The 2020s are, in a real, tangible sense, the conclusion of The Long 1980s. Writing in the 1980s, foundational cyberpunk authors were watching as leaders on both sides of the Atlantic pursued a set of political reforms collectively known as neoliberalism. Prioritizing competition in the market above all else, these reforms were fundamentally a political project, aimed at shrinking the public sphere and undoing many of the commitments to social welfare that had been made in the wake of the chaos, upheaval, and deprivation of the first half of the 20th century. The neoliberal turn was a project of unmaking the state for individuals and communities and remaking it for capital.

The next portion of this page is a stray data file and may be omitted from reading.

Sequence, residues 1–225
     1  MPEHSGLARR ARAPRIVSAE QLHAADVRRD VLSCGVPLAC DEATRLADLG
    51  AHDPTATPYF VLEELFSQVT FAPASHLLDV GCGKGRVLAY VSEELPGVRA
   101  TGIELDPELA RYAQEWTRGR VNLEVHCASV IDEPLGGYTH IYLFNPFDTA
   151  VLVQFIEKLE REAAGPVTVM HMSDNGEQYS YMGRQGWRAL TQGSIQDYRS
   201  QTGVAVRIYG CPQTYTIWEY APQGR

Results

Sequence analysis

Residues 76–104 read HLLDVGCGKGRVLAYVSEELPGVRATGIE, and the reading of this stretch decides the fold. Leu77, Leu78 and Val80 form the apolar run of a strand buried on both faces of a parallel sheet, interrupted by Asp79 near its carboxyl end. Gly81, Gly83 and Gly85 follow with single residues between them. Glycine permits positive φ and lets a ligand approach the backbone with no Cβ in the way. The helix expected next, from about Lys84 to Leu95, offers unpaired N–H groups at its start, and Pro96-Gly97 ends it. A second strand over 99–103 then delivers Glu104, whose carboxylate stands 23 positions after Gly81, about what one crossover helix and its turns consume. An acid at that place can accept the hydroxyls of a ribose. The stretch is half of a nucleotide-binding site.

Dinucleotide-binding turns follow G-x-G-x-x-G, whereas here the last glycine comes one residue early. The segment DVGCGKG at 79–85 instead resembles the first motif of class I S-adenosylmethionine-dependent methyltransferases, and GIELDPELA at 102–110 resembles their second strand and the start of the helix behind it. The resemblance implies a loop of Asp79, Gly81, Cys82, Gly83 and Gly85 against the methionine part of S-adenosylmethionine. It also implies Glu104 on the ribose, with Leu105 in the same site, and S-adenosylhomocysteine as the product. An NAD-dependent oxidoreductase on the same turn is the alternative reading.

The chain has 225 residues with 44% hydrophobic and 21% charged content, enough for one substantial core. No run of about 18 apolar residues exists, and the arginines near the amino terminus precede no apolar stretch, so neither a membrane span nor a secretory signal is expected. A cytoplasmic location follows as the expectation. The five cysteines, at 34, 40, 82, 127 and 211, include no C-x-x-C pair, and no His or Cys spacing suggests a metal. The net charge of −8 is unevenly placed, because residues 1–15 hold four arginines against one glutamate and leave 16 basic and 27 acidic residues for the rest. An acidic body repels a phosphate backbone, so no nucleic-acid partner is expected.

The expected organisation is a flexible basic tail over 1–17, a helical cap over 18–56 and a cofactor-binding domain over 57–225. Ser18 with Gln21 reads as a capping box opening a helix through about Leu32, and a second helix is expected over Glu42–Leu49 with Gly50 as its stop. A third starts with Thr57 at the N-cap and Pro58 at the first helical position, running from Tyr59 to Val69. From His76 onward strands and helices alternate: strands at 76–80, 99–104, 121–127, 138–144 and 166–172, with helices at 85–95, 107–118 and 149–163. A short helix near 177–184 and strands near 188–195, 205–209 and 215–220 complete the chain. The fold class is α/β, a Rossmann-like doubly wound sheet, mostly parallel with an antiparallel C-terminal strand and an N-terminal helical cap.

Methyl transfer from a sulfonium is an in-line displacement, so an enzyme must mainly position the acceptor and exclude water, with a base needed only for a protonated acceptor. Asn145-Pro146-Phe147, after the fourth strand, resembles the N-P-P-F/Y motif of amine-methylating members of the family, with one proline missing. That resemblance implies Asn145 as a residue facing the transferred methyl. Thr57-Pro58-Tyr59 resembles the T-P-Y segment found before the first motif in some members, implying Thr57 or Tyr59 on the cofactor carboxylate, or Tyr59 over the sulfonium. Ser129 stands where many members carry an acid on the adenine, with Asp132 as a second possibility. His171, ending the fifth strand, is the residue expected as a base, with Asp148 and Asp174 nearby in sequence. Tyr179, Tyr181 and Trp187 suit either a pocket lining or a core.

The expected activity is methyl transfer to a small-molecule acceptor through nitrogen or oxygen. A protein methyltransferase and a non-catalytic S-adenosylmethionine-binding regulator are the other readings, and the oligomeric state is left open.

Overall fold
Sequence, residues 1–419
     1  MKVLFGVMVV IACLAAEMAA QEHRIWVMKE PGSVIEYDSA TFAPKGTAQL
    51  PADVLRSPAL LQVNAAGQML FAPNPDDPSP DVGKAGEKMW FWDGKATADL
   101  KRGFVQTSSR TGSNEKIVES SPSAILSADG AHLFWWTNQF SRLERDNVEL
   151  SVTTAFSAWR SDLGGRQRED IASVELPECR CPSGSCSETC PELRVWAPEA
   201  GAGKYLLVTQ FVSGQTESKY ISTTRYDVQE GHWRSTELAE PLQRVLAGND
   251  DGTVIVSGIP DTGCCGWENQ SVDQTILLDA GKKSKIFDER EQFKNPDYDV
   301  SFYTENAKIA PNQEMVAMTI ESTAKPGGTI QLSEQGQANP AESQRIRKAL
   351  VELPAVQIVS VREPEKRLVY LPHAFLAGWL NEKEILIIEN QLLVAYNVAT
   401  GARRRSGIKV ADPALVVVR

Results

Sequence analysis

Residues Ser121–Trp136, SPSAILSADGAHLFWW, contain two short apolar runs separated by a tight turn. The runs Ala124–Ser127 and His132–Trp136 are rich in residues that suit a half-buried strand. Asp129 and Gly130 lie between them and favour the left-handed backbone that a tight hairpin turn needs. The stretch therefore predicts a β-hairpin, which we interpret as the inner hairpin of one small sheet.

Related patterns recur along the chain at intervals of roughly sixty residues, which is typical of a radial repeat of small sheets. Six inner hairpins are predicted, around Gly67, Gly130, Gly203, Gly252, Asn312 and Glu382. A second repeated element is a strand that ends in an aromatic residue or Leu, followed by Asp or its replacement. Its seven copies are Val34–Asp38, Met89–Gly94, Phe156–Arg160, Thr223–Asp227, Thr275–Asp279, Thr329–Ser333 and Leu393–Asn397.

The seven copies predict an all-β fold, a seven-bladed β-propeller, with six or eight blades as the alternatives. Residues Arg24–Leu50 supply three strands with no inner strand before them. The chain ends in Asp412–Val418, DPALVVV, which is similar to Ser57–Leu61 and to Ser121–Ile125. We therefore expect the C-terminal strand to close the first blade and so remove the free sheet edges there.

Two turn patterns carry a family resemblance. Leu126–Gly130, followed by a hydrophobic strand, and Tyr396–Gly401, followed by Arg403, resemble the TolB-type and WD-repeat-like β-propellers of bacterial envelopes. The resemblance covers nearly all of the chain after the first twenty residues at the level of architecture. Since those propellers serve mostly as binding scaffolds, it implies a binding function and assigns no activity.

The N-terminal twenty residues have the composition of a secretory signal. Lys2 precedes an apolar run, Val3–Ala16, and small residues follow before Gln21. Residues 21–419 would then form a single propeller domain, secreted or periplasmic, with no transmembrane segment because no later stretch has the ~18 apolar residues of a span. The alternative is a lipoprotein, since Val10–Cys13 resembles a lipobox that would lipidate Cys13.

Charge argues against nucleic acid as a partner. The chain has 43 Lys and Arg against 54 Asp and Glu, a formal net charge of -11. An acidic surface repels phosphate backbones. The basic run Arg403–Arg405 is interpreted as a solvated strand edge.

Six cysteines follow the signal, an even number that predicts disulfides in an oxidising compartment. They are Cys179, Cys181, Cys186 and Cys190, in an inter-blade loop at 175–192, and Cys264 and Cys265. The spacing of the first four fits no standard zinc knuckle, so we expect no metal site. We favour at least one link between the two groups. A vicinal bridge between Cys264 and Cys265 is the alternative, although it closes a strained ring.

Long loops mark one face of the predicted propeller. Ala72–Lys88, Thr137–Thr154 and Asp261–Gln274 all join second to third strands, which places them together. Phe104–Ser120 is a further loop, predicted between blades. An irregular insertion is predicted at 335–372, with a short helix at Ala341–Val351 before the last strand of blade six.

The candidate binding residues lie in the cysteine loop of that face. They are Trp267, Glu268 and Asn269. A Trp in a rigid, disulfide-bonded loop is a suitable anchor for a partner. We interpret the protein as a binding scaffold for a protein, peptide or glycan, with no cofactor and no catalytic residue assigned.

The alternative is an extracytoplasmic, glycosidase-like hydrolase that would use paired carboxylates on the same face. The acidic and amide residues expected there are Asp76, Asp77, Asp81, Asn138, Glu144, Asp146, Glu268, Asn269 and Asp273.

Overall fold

Cyberpunk conjured a world at this end state of neoliberal reorganization. Islands in the Net features drone warfare launched against data havens at the behest of corporations. In Blade Runner, the profit considerations of multinational companies determine worker personhood. There is more than a little of the Tyrell Corporation’s prudent life expectancy design in how Amazon responds to worker protest over a lack of personal protective equipment. Today, cyberpunk’s anticipated neoliberal end state is nothing more fanciful than life as we know it.